2. Some submissions also urged that IP discussions consider the protection of bio-diversity and traditional collective rights.
Antidumping/Countervailing Duties

  1. As with respect to agriculture, the elimination of trade-distorting subsidies was a key theme addressed in relation to antidumping and countervailing duties. Other significant themes in this area were the need for transparency in rule-making, application of rules, and investigation of complaints. One submission suggested the establishment of a mechanism for notification of subsidy policies similar to the WTO notification mechanism.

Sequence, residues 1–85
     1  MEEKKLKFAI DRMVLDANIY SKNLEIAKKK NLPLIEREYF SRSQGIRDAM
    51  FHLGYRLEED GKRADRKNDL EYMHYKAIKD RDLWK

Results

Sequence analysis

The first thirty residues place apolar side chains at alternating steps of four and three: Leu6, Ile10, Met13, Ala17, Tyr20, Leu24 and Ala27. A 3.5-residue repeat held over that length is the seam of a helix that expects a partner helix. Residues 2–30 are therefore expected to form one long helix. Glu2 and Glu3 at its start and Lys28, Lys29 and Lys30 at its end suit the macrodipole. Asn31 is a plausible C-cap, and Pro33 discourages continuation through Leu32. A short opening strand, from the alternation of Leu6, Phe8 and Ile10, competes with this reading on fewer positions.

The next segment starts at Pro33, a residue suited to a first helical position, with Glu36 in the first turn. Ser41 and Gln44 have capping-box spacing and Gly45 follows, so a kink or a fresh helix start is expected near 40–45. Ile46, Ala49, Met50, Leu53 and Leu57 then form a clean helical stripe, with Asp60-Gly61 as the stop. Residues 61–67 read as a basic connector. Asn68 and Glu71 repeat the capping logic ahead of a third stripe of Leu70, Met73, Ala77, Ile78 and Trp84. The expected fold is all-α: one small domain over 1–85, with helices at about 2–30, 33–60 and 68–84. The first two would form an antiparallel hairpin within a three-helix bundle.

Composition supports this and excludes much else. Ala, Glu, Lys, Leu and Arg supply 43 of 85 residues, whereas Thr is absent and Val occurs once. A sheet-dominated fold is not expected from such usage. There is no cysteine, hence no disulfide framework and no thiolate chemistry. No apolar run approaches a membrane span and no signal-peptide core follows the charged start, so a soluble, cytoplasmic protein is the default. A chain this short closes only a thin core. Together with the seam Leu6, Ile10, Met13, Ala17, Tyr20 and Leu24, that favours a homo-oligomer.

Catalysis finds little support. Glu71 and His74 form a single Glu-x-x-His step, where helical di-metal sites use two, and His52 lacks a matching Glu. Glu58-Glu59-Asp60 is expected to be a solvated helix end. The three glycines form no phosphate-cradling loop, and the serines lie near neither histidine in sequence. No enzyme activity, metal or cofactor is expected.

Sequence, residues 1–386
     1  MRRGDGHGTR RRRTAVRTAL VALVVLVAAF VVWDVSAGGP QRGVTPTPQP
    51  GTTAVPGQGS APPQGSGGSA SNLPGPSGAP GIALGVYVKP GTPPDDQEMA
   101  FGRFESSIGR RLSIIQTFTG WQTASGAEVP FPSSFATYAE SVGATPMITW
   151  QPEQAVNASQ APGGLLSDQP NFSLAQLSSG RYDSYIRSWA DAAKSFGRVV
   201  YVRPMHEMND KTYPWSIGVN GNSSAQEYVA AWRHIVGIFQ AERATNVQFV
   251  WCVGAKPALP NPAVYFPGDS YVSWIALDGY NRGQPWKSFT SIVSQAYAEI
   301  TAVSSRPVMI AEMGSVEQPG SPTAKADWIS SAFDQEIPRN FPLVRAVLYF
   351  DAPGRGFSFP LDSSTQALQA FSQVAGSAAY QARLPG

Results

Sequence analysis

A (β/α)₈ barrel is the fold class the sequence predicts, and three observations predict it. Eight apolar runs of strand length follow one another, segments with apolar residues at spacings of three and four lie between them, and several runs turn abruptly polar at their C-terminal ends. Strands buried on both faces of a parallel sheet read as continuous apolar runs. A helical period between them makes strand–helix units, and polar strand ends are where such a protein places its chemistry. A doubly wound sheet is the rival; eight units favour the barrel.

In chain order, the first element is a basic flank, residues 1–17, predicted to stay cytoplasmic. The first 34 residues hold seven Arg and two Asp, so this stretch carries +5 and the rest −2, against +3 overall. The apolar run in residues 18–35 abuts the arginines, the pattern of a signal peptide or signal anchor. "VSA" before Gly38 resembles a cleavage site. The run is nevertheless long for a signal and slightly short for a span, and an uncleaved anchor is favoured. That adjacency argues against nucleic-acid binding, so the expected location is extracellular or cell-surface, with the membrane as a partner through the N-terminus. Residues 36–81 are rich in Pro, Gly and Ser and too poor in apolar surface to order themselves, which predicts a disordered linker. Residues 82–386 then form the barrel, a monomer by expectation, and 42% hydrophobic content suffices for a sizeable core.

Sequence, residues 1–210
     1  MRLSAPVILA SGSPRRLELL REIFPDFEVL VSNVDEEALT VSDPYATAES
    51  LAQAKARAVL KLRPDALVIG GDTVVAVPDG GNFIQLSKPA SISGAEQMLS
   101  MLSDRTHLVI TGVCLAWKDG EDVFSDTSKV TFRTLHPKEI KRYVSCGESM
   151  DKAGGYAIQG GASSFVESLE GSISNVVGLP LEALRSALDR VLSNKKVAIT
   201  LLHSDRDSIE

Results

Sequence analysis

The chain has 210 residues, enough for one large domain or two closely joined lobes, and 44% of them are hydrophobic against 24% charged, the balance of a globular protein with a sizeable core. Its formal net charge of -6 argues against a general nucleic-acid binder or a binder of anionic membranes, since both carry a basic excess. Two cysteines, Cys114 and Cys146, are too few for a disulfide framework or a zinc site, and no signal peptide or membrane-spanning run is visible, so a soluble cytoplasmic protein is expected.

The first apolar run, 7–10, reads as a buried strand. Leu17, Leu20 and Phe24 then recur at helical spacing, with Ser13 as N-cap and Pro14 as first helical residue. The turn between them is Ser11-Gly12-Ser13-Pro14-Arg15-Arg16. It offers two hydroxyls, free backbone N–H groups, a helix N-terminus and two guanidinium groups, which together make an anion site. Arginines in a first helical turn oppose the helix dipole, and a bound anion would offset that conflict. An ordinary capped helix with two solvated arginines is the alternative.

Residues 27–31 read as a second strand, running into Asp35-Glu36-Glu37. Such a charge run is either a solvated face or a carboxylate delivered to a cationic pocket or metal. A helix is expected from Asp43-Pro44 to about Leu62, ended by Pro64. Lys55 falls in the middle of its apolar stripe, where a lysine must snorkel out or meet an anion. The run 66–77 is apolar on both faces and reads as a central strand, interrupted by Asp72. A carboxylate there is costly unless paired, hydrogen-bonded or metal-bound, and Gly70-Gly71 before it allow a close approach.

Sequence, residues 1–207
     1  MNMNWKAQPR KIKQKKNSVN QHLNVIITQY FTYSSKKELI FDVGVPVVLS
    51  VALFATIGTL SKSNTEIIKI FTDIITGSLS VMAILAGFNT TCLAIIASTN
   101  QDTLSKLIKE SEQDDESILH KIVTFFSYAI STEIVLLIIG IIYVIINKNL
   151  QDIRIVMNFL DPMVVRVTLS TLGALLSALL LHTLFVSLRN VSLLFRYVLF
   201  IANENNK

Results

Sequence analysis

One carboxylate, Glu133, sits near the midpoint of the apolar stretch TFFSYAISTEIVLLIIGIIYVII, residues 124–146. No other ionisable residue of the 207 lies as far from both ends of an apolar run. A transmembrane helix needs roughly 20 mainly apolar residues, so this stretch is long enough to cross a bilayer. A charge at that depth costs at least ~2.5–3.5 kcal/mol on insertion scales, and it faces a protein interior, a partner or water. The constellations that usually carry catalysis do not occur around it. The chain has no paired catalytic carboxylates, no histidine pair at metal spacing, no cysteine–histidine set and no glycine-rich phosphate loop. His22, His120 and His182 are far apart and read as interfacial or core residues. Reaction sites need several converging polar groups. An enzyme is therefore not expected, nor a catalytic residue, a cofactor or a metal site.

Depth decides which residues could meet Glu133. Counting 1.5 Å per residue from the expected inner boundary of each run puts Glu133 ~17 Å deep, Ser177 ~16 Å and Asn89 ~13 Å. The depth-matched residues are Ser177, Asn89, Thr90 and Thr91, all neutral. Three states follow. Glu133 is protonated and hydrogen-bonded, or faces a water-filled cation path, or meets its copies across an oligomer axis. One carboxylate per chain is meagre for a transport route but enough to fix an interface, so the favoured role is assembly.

Competition Policy
  1. The need for cooperation among national competition authorities was a key theme in the submissions that addressed competition policy. Other submissions called for:
    • non-discrimination and national treatment as basic principles of the FTAA competition policy.
    • coordination of technical assistance to promote the adoption of competition laws and jurisprudence.
    • consideration of the peculiar characteristics of sectors with large infrastructures, such as electricity and telecommunications.
Dispute Settlement
  1. Several submissions stressed the importance of an effective dispute settlement system, with some underscoring the need for the process to be rapid. Some submissions noted the need for panels to have access to technical expertise in particular areas and the need for greater transparency.

Smaller Economies